The biggest driver propelling social CRM is the rapid growth and widening popularity of social media. The number of Facebook’s daily active users grew from million worldwide, and million in North America, on June 30, 2012, to Xmillion and X million respectively, by June 30, 20131. Meanwhile Twitter is reported to have X million users and Pinterest Xmillion users as of March, 20132. LinkedIn reported that its worldwide membership increased by X percent from X million as of June 30, 2012 to X million as of June 30, 20133. Many social media conversations involve interacting with companies.

The credibility and effectiveness of customers’ views in influencing others has been borne out in the Nielsen Global Trust in Advertising report, last published in 2012. It reports that X percent of consumers trusted recommendations from friends and family, followed by Xpercent who trust consumers’ opinions posted online, above all other forms of advertising.

Not surprisingly, customers are using social channels to relate their experiences with companies, and, to a small but growing extent, to interact directly with them. They are also engaging with other customers and companies on social community collaboration sites, which enable customers to build their social influence.

Demographic changes are a key force behind social media growth. The “Millennials” who became “social” in their teens and college are entering the workforce and becoming consumers and business buyers. Such is the power of this generational shift that social channels may well become the default for customer interaction; Frost & Sullivan believes that by 2020, non-social channels will be the ones that require investment justification.

At the same time, the growing use of smartphones and tablets is enabling people to access the social channel at their convenience. Frost & Sullivan forecasts that the number of U.S. wireless subscribers will grow from X million in 2012 to Xmillion by 2017.

The speed and spread of online customer comments now require the constant monitoring of social sites. Employees, including contact center agents and sales representatives, need to be alerted of these interactions, including complaints, “likes,” and even offhand references to the organization.

Table Of Contents

Integrating Social Media into CRM
Table of Contents

Introduction 3
Key Social CRM Drivers 5
Social CRM Trends 8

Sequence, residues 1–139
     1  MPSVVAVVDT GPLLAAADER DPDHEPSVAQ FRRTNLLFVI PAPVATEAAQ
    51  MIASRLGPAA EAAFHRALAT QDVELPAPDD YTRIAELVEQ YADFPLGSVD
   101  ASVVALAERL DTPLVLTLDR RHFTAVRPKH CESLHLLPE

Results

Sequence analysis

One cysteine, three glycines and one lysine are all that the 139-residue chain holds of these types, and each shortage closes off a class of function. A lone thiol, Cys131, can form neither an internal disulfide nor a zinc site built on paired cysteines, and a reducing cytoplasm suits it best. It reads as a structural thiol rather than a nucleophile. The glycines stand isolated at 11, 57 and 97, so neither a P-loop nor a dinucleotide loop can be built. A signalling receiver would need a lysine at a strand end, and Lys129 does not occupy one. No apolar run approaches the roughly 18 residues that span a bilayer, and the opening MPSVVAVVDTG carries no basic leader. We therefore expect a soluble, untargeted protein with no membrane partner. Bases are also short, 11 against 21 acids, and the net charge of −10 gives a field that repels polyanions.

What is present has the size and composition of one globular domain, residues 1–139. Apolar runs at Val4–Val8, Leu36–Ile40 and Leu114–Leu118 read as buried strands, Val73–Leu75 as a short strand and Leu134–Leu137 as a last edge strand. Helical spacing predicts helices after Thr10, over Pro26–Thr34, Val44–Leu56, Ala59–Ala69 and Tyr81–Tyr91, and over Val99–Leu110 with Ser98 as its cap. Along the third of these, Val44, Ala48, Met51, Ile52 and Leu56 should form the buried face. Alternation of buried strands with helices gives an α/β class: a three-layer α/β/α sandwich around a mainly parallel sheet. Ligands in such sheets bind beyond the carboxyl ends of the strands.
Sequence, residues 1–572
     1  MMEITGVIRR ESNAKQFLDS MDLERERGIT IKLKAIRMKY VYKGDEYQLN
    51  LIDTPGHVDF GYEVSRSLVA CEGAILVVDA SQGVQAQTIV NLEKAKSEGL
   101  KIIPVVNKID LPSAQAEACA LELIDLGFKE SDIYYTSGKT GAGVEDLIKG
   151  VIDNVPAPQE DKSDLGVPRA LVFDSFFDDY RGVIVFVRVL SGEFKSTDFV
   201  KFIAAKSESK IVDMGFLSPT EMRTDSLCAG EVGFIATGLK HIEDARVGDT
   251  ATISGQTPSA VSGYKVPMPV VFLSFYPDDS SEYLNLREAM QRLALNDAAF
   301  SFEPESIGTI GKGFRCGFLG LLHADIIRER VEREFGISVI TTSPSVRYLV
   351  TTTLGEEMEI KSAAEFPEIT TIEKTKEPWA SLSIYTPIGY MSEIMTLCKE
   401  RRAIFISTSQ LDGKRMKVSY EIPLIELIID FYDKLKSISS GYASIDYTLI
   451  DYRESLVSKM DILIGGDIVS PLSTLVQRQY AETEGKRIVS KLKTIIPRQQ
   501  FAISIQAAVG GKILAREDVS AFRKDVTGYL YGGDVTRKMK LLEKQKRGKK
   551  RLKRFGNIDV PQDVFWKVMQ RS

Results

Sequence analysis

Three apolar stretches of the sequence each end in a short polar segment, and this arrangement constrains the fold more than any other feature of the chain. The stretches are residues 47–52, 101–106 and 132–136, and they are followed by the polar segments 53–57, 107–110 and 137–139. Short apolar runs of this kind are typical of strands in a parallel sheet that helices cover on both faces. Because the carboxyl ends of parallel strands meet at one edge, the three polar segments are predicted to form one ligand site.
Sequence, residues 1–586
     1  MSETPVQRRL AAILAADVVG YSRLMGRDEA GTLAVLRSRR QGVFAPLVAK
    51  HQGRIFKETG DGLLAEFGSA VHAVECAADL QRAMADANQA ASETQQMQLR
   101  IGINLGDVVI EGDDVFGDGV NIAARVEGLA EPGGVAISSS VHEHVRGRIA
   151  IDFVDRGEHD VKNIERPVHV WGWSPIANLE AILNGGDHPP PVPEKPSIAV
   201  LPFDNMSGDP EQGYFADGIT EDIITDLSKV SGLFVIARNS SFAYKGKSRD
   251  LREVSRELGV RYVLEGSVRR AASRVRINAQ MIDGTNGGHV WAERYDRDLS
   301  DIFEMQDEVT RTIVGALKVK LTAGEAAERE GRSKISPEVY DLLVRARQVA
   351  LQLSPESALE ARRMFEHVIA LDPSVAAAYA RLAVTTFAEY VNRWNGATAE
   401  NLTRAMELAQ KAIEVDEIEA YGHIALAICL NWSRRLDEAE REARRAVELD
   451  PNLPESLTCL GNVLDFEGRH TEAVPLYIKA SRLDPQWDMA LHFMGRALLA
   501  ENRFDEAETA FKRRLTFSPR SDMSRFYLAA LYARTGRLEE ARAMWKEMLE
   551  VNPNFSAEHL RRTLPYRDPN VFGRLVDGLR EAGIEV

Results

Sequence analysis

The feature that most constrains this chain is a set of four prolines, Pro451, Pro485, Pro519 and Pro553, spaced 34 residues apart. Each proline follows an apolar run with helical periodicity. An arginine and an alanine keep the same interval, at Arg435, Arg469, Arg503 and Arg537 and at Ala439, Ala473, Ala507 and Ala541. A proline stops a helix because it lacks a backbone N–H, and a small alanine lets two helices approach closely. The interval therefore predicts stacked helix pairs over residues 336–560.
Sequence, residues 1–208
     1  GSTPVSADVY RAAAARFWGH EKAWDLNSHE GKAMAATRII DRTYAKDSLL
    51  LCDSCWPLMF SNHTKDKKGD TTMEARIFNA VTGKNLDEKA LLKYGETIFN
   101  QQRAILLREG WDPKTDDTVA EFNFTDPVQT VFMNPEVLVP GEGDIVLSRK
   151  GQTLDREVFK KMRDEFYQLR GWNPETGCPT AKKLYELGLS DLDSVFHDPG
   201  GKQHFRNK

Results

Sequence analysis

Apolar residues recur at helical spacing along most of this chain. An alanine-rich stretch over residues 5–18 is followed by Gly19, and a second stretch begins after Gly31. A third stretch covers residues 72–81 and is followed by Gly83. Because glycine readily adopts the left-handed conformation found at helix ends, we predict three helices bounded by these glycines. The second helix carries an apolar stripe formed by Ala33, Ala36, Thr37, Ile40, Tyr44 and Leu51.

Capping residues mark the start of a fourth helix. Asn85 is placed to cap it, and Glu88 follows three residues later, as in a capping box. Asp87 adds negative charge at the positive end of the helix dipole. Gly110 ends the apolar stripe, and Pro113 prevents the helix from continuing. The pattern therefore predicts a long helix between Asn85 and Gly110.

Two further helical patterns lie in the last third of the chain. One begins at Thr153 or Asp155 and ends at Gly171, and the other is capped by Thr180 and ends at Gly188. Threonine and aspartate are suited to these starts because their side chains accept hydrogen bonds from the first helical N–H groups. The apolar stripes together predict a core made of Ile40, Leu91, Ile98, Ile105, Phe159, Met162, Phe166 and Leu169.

Social CRM Challenges 10
Best Practices Recommendations 14
Representative Vendor Profiles 15
Aptean 15
Kxen (Recently Acquired by SAP) 16
Microsoft Dynamics 16
NexJ 16
NextPrinciples 17
Nimble 17
PeerIndex 17
Salesforce.com 18
SugarCRM 18
Legal Disclaimer 19
The Frost and Sullivan Story 20

View This Report »

Get Industry Insights. Simply.

  • Latest reports & slideshows with insights from top research analysts
  • 24 Million searchable statistics with tables, figures & datasets
  • More than 10,000 trusted sources
24/7 Customer Support

Talk to Veronica

+1 718 514 2762

Purchase Reports From Reputable Market Research Publishers
Mobilized Sales Force Automation Solutions Promise Competitive Advantage in Still-Challenging Economy

Mobilized Sales Force Automation Solutions Promise Competitive Advantage in Still-Challenging Economy

  • $ 4 950
  • Industry report
  • August 2016
  • by Frost & Sullivan

Growth Opportunities for Sales Organizations and SFA/CRM Providers Now that sales representatives and their managers are able to have mobile access to their sales force automation (SFA) solutions, everyday ...

Western Europe CRM Applications Forecast, 2016-2020

Western Europe CRM Applications Forecast, 2016-2020

  • $ 4 500
  • Industry report
  • August 2016
  • by IDC

This IDC study analyzes and sizes the Western European CRM applications market for 2013-2015 and includes a forecast for 2016-2020. IDC segments the CRM applications market by functional segment (4 functional ...

Japan CRM Application Market Forecast, 2016-2020

Japan CRM Application Market Forecast, 2016-2020

  • $ 4 500
  • Industry report
  • August 2016
  • by IDC

This IDC study, which is a translation of the Japan document IDC #JPJ40606016, presents the actual Japan CRM application market situation in 2015 and market forecast from 2016 to 2020. For the purpose ...


ref:plp2013

Reportlinker.com © Copyright 2016. All rights reserved.

ReportLinker simplifies how Analysts and Decision Makers get industry data for their business.